• Twenty percent of your time should be spent on volunteering. It is critical for your mental health simply to be with people, to get involved, and to get exposure.
  • The last 20 percent of your time should be spent doing things for yourself. People are like batteries: periodically, they need to be recharged. In order to project to the hiring manager via the interview that you are the ideal candidate, you have to feel good about yourself. So, whatever makes you feel that way, do it!

 

By following these guidelines, staying focused, and cultivating perseverance, you’ll be handsomely rewarded with a job you deserve.

Your comments are most welcome.

 

 

ABOUT ALEX FREUND

 

Alex Freund is also known as the Landing Expert for publishing his Landing Expert job-networking list via his Web site http://www.landingexpert.com/HTML/ . Alex is prominent in a number of networking groups and also writes a blog for job seekers accessible via the same Web site. 

Alex had a successful career as corporate director at Fortune 500 companies. After graduating from Cornell University’s School of Hotel Administration, he worked in hotels and hospitals. And he’s managed some 35 different departments known as Facilities Administration or Support Services.
 
Alex has extensive experience at interviewing people for jobs. He also has practical training in career coaching. Consequently, he formed Landing Expert Career Coaching services. 

 

I for one fully understand those in transition. I’ve been there at times myself--and for way too long. Life for the unemployed is hugely confusing. The quasi life equilibrium that used to exist before the transition period has been lost. And everybody you know seems to want to be helpful by giving you (nonprofessional) advice, which can add another layer of confusion to your bewilderment, thereby causing further disorientation. So, what’s the best thing to do to get back on track, get a job, and reach a life balance again? The answer may seem too simplistic: FOCUS.

 

You’ve probably heard the cliché “If you don’t know where you’re going, you’re going nowhere.” How true, so therefore you need a path, a direction, and a huge amount of mental energy to stay focused on the right things.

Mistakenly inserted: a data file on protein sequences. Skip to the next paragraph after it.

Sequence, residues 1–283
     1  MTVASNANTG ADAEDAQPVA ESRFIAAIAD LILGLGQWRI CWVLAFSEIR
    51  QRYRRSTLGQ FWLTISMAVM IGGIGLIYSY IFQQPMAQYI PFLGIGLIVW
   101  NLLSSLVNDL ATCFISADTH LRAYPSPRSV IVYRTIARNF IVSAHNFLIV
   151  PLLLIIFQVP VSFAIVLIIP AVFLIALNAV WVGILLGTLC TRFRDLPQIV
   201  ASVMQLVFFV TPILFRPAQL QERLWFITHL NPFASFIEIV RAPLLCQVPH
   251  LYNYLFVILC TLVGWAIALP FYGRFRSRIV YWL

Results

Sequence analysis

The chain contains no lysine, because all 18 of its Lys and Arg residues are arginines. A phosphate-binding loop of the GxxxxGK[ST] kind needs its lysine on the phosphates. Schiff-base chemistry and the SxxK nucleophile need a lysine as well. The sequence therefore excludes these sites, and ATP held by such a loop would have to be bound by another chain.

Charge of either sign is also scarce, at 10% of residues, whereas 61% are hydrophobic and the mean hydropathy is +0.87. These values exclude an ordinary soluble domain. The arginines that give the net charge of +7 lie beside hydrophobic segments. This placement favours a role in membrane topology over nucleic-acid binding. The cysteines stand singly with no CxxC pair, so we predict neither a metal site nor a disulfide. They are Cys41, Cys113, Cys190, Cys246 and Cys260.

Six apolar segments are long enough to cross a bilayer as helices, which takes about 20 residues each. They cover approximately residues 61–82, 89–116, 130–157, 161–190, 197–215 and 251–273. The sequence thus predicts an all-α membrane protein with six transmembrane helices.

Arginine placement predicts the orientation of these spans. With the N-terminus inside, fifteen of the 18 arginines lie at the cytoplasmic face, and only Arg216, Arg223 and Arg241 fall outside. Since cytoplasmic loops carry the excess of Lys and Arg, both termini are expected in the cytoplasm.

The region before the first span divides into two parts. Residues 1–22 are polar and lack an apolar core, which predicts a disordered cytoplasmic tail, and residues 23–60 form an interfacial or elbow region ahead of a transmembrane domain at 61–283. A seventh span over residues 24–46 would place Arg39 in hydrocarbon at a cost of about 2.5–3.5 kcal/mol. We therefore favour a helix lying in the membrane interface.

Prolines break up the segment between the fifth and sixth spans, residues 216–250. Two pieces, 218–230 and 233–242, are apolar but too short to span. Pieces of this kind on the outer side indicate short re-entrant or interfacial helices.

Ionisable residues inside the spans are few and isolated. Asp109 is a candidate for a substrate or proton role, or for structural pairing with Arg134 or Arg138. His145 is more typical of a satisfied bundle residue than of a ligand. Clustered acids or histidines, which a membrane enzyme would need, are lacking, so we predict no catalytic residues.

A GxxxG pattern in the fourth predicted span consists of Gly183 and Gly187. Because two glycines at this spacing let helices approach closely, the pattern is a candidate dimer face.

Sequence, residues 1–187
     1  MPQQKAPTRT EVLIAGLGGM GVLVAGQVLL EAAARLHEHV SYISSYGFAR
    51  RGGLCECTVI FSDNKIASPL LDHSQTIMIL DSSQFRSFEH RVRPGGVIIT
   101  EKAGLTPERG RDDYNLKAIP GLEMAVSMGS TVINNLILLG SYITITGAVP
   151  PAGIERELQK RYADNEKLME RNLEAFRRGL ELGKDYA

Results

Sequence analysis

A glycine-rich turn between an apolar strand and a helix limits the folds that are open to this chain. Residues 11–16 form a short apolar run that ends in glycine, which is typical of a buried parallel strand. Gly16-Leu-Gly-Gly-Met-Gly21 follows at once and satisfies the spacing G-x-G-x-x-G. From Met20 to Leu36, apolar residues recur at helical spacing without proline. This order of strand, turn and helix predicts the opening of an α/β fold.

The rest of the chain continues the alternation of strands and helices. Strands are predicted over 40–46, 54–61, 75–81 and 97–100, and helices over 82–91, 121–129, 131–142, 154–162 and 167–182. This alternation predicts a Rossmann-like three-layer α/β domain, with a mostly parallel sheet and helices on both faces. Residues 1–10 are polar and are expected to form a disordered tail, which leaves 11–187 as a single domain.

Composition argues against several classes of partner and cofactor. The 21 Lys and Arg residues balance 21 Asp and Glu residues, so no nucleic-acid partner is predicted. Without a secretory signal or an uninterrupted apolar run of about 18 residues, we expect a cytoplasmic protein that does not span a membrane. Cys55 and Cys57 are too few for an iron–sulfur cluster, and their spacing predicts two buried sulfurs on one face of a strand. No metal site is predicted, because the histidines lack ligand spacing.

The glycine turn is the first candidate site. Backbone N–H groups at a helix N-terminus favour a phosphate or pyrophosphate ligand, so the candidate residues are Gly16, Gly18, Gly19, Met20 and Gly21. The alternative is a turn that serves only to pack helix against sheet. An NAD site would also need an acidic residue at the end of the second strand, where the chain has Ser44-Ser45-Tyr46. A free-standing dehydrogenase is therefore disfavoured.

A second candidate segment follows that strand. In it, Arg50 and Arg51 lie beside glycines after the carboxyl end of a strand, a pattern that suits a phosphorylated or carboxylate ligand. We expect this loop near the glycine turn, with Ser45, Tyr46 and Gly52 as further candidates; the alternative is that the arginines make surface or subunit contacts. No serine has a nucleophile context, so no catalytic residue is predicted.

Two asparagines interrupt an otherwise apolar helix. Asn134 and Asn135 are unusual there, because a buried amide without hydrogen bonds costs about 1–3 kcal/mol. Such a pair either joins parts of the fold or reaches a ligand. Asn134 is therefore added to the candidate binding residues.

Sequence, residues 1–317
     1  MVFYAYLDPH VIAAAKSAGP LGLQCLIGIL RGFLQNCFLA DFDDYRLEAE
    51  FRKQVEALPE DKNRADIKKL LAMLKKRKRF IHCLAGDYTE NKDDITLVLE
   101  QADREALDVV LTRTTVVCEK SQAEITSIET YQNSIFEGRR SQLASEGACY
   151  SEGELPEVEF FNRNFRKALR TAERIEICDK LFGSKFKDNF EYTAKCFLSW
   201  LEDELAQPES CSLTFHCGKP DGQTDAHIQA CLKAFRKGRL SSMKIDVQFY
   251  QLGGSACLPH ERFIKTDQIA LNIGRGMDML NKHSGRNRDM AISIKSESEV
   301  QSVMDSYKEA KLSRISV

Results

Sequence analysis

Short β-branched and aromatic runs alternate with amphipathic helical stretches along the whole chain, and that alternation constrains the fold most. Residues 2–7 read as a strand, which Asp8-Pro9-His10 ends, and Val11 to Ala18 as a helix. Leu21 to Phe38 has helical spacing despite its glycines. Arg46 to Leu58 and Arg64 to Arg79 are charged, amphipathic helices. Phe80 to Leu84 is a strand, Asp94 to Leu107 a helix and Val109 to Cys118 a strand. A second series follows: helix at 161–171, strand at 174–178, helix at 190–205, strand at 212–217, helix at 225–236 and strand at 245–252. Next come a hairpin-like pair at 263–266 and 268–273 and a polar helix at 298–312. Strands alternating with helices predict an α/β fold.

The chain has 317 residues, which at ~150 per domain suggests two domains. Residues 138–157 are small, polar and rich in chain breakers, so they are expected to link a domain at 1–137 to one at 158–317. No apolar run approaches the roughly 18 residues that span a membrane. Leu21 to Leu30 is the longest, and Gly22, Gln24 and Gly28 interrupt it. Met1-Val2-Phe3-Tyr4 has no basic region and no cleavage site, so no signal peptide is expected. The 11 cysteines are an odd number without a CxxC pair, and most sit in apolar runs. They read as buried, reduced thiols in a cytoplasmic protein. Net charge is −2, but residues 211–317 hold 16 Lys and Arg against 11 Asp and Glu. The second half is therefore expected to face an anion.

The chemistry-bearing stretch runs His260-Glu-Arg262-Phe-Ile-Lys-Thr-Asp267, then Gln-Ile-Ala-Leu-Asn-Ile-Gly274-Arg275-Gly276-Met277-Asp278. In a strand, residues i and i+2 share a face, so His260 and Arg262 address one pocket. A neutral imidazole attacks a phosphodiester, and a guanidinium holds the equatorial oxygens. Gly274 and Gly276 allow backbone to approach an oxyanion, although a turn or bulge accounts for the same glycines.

The following (professional!) advice is paraphrased from a recent networking presentation given by my friend Abby Kohut (http://absolutelyabby.com/), who’s one of the smartest people I know in this business.

 

  • Thirty percent of your time should be spent in live networking. Sixty to 80 percent of people get their jobs via networking. Think about how you got your last job: probably by talking to someone who put you in touch with others, and the next thing was an interview.
  • Another 30 percent of your time should be spent on applying for jobs online, generating leads, and communicating via e-mail.
  • Twenty percent of your time should be spent on volunteering. It is critical for your mental health simply to be with people, to get involved, and to get exposure.
  • The last 20 percent of your time should be spent doing things for yourself. People are like batteries: periodically, they need to be recharged. In order to project to the hiring manager via the interview that you are the ideal candidate, you have to feel good about yourself. So, whatever makes you feel that way, do it!

 

By following these guidelines, staying focused, and cultivating perseverance, you’ll be handsomely rewarded with a job you deserve.

Your comments are most welcome.

ABOUT ALEX FREUND

Alex Freund is also known as the Landing Expert for publishing his Landing Expert job-networking list via his Web site http://www.landingexpert.com/HTML/ . Alex is prominent in a number of networking groups and also writes a blog for job seekers accessible via the same Web site. 

Alex had a successful career as corporate director at Fortune 500 companies. After graduating from Cornell University’s School of Hotel Administration, he worked in hotels and hospitals. And he’s managed some 35 different departments known as Facilities Administration or Support Services.
 
Alex has extensive experience at interviewing people for jobs. He also has practical training in career coaching. Consequently, he formed Landing Expert Career Coaching services.